In 2002, the CT Department of Energy & Environmental Protection (CT DEEP) added a 20-mile section of the Farmington River –from the town of Farmington (where the river turns north) to Rainbow Dam in Windsor – to the state’s list of impaired water bodies because of elevated bacteria levels. Although E. coli is not considered safe in drinking water at any levels, the current standards for “non-designated swimming areas” such as in the Farmington River are 410 CFU (colony forming units) per 100 milliliter water sample. Review the fact sheet on E. coli from the Connecticut Department of Public Health.
Stay informed by checking the E.coli levels by location. For a map of FRWA sampling sites and sampling results, click here. To see the levels and understand more about what the different levels mean check out the charts here.
Who Tests for Bacteria in the River?
- The CT DEEP conducts infrequent monitoring of bacteria in all of the rivers in the State.
- Since the River is a popular recreational resource, the Farmington Valley Health District has conducted water sampling along the River for years. You can see their sampling sites at http://www.fvhd.org/perch2/resources/bathing-water-map-2-20-13.pdf and request information about their results at: http://www.fvhd.org/contact/.
- In 2004, FRWA joined with the Farmington Valley Health District (FVHD) to monitor for bacteria in additional locations, and provide the results to the public.
- FRWA analyzes samples from the lower Farmington mainstem for bacteria, in partnership with the Town of Simsbury Wastewater Treatment Plant.
- FRWA and the Farmington River Coordinating Committee (FRCC), in partnership with the Metropolitan District Commission, have undertaken a focused monitoring program at 15 sites along the Upper Farmington River and its key tributaries, that includes analysis for bacteria as well as chemicals and metals.
- For site descriptions and the water quality parameters collected, click here.
Sources of E. coli Bacteria
Most bacteria encountered in nature are harmless to humans and many are important as decomposers. They break down dead plants and animals into nutrients that are released back into the ecosystem. Bacteria as “recyclers” are vital to a healthy stream.
However, bacteria that grow in the intestines of mammals and birds and make their way to our waterways are a cause of concern. Where humans or animals interface with streams, either directly or just by living nearby, there is increased likelihood that harmful bacteria will contaminate the water. It is difficult to pinpoint sources of contamination, since bacteria enter streams from:
- Storm water runoff (may contain multiple sources of bacteria)
- Wastewater treatment plant discharges or overflows
- Sewer line leaks
- Failing septic systems
- Birds, especially waterfowl
- Pet waste and farm animal waste
Bacteria enter the river via storm water, catch basins, sediment, runoff, discharges, and spills. When surrounding lands are more highly developed or “urbanized,” more bacteria reach the river.
Is it Safe to Swim in the Farmington River?
Yes, but at your own educated risk. When the amount of bacteria in the water increases, so does the risk of getting sick from contact with the water. The most common ailment resulting from exposure to heightened bacteria levels is gastroenteritis and other intestinal discomforts. For more information, read the CT DEEP’ s PDF, Water Quality Criteria.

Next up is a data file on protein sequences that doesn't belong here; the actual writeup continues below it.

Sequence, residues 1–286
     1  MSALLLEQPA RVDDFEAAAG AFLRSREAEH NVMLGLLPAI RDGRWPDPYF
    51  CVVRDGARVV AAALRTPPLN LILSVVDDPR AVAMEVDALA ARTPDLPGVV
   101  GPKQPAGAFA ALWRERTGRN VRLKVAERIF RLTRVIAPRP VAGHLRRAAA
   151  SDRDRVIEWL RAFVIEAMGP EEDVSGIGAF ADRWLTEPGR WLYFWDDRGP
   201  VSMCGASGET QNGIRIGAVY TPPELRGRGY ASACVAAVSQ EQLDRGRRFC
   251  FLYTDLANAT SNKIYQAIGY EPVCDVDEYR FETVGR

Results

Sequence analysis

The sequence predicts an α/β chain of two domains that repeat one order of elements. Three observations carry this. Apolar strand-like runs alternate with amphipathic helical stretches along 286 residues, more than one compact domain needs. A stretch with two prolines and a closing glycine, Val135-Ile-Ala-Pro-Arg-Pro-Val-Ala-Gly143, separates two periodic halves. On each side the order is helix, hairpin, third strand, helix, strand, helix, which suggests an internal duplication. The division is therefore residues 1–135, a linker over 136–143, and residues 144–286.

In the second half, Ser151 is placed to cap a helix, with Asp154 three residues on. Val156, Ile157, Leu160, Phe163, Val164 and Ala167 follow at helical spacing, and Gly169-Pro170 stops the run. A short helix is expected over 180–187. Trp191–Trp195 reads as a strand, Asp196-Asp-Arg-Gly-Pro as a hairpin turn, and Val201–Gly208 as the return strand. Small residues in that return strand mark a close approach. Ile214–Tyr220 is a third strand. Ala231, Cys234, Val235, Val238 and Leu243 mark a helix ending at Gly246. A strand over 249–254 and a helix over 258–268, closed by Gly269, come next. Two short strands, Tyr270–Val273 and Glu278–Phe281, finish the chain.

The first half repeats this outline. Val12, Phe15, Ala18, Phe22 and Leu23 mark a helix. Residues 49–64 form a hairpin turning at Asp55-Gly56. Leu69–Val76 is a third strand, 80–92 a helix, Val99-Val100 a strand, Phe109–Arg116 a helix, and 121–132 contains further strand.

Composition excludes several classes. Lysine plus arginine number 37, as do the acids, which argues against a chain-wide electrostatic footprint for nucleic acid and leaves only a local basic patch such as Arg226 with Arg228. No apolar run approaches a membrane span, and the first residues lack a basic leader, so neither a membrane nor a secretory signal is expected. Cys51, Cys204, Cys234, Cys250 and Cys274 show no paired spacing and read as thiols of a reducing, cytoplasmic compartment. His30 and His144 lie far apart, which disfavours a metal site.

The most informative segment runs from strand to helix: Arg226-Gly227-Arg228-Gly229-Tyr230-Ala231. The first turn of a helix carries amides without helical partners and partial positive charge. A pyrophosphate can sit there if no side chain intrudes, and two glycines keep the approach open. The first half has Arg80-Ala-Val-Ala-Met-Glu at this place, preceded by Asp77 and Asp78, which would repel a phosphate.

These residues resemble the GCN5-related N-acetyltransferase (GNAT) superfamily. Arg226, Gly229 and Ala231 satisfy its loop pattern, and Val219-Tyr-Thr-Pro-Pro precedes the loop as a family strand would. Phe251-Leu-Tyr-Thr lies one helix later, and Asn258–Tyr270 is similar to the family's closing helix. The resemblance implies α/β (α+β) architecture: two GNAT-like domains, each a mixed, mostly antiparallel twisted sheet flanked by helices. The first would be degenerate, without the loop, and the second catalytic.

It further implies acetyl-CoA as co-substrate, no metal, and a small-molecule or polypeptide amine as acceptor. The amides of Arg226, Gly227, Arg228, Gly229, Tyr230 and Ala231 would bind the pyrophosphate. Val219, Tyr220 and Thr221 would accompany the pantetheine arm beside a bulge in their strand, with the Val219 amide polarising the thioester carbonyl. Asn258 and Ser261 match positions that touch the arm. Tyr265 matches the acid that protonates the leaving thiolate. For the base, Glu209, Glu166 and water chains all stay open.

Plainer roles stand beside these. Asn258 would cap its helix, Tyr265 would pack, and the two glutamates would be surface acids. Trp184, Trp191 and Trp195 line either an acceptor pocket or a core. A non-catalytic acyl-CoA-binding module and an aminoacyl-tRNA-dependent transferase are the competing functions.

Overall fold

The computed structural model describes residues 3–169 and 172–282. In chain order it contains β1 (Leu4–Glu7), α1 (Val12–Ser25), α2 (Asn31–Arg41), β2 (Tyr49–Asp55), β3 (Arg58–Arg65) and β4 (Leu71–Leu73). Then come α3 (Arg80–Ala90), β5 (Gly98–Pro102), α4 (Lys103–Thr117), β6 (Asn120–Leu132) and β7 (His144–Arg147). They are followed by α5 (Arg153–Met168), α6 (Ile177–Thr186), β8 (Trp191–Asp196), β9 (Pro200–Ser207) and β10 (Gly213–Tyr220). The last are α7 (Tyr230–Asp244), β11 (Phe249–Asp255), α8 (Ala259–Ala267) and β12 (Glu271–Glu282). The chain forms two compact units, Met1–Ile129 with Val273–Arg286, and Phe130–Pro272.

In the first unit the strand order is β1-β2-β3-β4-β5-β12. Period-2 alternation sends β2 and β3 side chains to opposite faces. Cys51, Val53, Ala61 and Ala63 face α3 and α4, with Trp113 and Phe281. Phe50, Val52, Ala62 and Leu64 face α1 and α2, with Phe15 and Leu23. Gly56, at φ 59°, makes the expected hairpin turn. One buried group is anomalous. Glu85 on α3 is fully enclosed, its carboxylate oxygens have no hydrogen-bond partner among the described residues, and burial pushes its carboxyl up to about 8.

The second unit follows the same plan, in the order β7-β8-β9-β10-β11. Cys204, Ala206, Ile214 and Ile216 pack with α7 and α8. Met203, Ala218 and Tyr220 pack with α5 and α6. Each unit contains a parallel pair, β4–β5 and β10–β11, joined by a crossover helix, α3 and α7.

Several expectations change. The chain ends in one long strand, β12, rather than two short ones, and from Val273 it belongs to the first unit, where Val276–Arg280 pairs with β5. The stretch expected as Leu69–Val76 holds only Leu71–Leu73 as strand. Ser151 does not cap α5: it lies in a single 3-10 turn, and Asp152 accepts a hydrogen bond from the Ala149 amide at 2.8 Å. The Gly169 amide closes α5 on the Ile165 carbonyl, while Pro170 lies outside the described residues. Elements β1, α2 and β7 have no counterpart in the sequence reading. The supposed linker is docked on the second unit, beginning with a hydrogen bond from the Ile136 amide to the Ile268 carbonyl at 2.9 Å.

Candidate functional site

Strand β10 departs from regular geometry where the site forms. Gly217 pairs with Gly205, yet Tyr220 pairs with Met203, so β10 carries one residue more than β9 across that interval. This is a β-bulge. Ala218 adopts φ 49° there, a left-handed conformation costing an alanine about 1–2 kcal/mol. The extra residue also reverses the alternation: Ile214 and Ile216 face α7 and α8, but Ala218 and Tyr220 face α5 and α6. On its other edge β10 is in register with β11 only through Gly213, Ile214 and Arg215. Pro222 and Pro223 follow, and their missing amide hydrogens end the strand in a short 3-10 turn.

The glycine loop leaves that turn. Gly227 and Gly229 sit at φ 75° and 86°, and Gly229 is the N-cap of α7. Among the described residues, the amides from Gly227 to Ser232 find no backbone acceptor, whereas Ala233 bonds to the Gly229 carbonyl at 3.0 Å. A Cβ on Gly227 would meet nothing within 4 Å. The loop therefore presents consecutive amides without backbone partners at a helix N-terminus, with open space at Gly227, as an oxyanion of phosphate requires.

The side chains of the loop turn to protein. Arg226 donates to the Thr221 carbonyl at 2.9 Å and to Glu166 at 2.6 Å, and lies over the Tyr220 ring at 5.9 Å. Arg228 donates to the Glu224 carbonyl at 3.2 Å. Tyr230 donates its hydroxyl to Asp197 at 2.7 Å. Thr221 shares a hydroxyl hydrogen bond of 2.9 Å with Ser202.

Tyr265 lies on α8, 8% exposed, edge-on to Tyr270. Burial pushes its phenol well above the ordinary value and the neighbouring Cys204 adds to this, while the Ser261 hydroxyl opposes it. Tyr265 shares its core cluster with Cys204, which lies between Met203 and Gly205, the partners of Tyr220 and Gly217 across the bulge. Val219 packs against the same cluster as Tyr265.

Note that the Farmington River has no official, state “Designated Swimming” areas. Full body contact with water is what is expected at “Designated Swimming” areas, while other recreational activities have some degree of contact with the water. In reality, multitudes of people do flock to the river for recreational uses of all types, so water quality testing is done by the Farmington Valley Health District throughout the recreational use time period at established (but unofficial) swimming areas in the Farmington River Watershed. To learn more click here and also find out the sample levels in the Lower, Upper Farmington River and its tributaries.
- The most consistently high levels of bacteria in the river are recorded during and after rain events. During rain or snowmelt, bacteria levels in the River rise almost instantaneously and remain elevated for an unknown period. With no actual designated swimming areas, there can be no “Beach Closures” issued– so there is no way of knowing when it’s safe to go back in the water. Staying out of the River for some length of time following rain is the best public health guidance we can offer. When the turbidity (murkiness) of the water has lessened, this is some indication that bacteria levels are returning to a safe range.
- Keep the water away from your face or open wounds. Illness may occur if one comes in contact with or ingests water with high bacteria.
- Be aware that wastewater treatment plants disinfect effluent entering the river between May 1 and October 1. Outside that time period there is no chlorination, ultraviolet radiation, or other treatment of the effluent for bacteria, so bacteria levels can be elevated.
- Stay out of the water when you are sick, because you may share your germs with those who would like to remain healthy.
- Take responsibility! Keeping the river clean and safe is the job of all who enjoy it – paddlers, tubers, fishermen, hikers, picnickers, dog-walkers, cyclists, and riverfront residents. The beauty and safety of the river is best preserved when all trash and waste is properly disposed of. If you Pack It In – Pack It Out!